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Infect Immun. 2014 Oct;82(10):4080-91. doi: 10.1128/IAI.01950-14. Epub 2014 Jul 14.

An optimized, synthetic DNA vaccine encoding the toxin A and toxin B receptor binding domains of Clostridium difficile induces protective antibody responses in vivo.

Author information

1
Department of Microbiology and Immunology, Drexel University College of Medicine, Philadelphia, Pennsylvania, USA.
2
Division of Infectious Diseases and HIV Medicine, Department of Medicine, Drexel University College of Medicine, Philadelphia, Pennsylvania, USA.
3
Inovio Pharmaceuticals, Blue Bell, Pennsylvania, USA.
4
Department of Biochemistry, Drexel University College of Medicine, Philadelphia, Pennsylvania, USA.
5
Department of Molecular Biology and Microbiology, Tufts University School of Medicine, Boston, Massachusetts, USA.
6
Tulane National Primate Research Center and Department of Tropical Medicine, School of Public Health and Tropical Medicine, Tulane University, Covington, Louisiana, USA.
7
School of Public Health, Drexel University College of Medicine, Philadelphia, Pennsylvania, USA.
8
Department of Pathology and Laboratory Medicine, University of Pennsylvania, School of Medicine, Philadelphia, Pennsylvania, USA.
9
Department of Microbiology and Immunology, Drexel University College of Medicine, Philadelphia, Pennsylvania, USA Division of Infectious Diseases and HIV Medicine, Department of Medicine, Drexel University College of Medicine, Philadelphia, Pennsylvania, USA mkutzler@drexelmed.edu.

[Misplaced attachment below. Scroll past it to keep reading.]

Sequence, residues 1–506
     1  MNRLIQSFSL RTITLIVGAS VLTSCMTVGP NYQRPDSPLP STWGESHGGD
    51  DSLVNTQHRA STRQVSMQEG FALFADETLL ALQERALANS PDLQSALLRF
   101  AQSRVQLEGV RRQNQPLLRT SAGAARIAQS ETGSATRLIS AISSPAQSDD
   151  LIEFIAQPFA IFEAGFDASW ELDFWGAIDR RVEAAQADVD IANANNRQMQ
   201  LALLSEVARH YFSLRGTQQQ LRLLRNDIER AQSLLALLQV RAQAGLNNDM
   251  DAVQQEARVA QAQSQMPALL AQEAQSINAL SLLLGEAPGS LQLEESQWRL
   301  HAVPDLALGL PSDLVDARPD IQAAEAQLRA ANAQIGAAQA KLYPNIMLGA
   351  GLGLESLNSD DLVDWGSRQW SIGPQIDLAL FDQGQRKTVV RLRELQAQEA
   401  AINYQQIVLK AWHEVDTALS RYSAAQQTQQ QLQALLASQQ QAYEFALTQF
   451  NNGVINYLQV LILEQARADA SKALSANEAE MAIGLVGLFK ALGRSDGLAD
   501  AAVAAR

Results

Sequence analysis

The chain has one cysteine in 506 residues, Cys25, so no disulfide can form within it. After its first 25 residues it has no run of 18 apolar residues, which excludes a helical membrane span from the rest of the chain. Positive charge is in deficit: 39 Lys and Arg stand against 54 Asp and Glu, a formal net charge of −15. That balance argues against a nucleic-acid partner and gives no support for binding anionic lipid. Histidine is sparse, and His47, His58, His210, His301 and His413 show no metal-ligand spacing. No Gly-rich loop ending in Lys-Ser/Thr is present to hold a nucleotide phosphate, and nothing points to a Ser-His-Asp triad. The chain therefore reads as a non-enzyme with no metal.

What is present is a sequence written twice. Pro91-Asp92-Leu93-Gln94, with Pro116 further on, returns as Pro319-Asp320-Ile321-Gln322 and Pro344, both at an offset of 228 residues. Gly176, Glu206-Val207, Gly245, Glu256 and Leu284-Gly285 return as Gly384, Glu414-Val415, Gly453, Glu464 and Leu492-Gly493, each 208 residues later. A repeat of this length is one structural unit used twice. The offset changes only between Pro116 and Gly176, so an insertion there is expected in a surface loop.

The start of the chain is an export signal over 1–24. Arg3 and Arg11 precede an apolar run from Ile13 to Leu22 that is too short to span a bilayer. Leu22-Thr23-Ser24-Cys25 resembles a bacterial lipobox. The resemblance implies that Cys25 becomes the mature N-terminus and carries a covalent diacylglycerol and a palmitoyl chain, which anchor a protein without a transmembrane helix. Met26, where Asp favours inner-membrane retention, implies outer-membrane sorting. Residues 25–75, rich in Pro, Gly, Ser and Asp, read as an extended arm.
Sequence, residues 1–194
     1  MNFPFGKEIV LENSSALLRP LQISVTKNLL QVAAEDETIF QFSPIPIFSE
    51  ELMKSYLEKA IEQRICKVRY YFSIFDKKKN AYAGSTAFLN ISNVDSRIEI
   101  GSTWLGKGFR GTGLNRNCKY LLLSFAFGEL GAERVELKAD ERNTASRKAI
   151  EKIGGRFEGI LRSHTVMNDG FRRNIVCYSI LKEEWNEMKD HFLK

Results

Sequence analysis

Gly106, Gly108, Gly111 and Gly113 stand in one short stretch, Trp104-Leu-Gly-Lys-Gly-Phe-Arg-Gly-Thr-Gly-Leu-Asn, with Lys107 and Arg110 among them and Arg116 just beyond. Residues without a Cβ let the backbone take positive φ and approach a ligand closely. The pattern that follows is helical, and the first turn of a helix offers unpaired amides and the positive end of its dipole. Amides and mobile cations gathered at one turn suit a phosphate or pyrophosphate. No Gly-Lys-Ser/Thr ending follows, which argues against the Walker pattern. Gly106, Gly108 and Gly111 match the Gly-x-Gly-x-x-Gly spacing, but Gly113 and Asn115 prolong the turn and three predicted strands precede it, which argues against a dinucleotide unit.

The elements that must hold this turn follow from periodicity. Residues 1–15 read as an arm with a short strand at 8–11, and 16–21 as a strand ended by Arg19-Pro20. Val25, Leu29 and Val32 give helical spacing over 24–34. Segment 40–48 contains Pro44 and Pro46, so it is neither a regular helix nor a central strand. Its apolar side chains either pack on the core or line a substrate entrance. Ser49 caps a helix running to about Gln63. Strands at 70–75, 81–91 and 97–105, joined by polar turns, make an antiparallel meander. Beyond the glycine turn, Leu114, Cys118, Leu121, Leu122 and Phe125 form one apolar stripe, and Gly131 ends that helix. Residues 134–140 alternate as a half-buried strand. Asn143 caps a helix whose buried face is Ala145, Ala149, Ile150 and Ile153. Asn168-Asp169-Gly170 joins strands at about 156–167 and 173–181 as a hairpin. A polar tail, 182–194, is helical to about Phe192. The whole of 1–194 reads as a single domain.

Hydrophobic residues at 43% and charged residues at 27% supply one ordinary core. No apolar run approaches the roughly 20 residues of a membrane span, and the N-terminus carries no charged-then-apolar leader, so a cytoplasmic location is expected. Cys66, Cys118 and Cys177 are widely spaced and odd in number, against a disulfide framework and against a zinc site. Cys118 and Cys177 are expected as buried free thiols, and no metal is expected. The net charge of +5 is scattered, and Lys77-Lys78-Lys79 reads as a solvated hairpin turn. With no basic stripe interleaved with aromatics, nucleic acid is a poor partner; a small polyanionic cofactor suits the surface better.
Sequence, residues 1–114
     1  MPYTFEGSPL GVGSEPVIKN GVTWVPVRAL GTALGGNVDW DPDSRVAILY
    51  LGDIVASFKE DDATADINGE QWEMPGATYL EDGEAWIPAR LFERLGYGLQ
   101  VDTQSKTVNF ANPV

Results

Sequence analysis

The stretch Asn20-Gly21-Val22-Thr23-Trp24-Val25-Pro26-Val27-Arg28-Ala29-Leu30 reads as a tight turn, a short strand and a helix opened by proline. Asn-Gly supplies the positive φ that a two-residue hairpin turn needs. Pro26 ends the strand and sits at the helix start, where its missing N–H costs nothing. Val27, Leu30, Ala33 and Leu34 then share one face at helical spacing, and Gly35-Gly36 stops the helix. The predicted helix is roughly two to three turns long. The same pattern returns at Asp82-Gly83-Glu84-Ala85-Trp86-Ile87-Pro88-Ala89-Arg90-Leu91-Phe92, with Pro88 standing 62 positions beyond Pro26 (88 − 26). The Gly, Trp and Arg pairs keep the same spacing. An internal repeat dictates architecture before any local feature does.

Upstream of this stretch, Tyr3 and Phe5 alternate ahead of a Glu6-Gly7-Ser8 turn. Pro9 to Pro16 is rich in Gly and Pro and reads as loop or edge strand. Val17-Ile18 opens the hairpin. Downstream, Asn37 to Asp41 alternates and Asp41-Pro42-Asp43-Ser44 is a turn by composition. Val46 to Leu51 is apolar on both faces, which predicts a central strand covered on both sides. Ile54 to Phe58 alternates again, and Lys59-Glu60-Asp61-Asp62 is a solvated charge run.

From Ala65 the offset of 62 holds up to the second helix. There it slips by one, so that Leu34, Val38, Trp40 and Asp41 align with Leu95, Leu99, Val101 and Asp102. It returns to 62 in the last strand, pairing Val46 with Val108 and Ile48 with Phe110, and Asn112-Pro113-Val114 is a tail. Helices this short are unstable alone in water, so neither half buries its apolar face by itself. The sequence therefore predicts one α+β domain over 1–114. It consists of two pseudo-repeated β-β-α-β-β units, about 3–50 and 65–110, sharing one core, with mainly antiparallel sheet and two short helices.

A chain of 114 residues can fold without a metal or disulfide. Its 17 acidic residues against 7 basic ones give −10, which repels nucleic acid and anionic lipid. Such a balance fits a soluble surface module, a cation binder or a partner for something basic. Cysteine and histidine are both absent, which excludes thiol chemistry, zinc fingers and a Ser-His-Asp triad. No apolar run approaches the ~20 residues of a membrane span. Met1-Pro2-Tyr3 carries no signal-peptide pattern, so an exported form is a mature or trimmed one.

Abstract

Clostridium difficile-associated disease (CDAD) constitutes a large majority of nosocomial diarrhea cases in industrialized nations and is mediated by the effects of two secreted toxins, toxin A (TcdA) and toxin B (TcdB). Patients who develop strong antitoxin antibody responses can clear C. difficile infection and remain disease free. Key toxin-neutralizing epitopes have been found within the carboxy-terminal receptor binding domains (RBDs) of TcdA and TcdB, which has generated interest in developing the RBD as a viable vaccine target. While numerous platforms have been studied, very little data describes the potential of DNA vaccination against CDAD. Therefore, we created highly optimized plasmids encoding the RBDs from TcdA and TcdB in which any putative N-linked glycosylation sites were altered. Mice and nonhuman primates were immunized intramuscularly, followed by in vivo electroporation, and in these animal models, vaccination induced significant levels of both anti-RBD antibodies (blood and stool) and RBD-specific antibody-secreting cells. Further characterization revealed that sera from immunized mice and nonhuman primates could detect RBD protein from transfected cells, as well as neutralize purified toxins in an in vitro cytotoxicity assay. Mice that were immunized with plasmids or given nonhuman-primate sera were protected from a lethal challenge with purified TcdA and/or TcdB. Moreover, immunized mice were significantly protected when challenged with C. difficile spores from homologous (VPI 10463) and heterologous, epidemic (UK1) strains. These data demonstrate the robust immunogenicity and efficacy of a TcdA/B RBD-based DNA vaccine in preclinical models of acute toxin-associated and intragastric, spore-induced colonic disease.

PMID:
25024365
PMCID:
PMC4187890
DOI:
10.1128/IAI.01950-14
[Indexed for MEDLINE]
Free PMC Article

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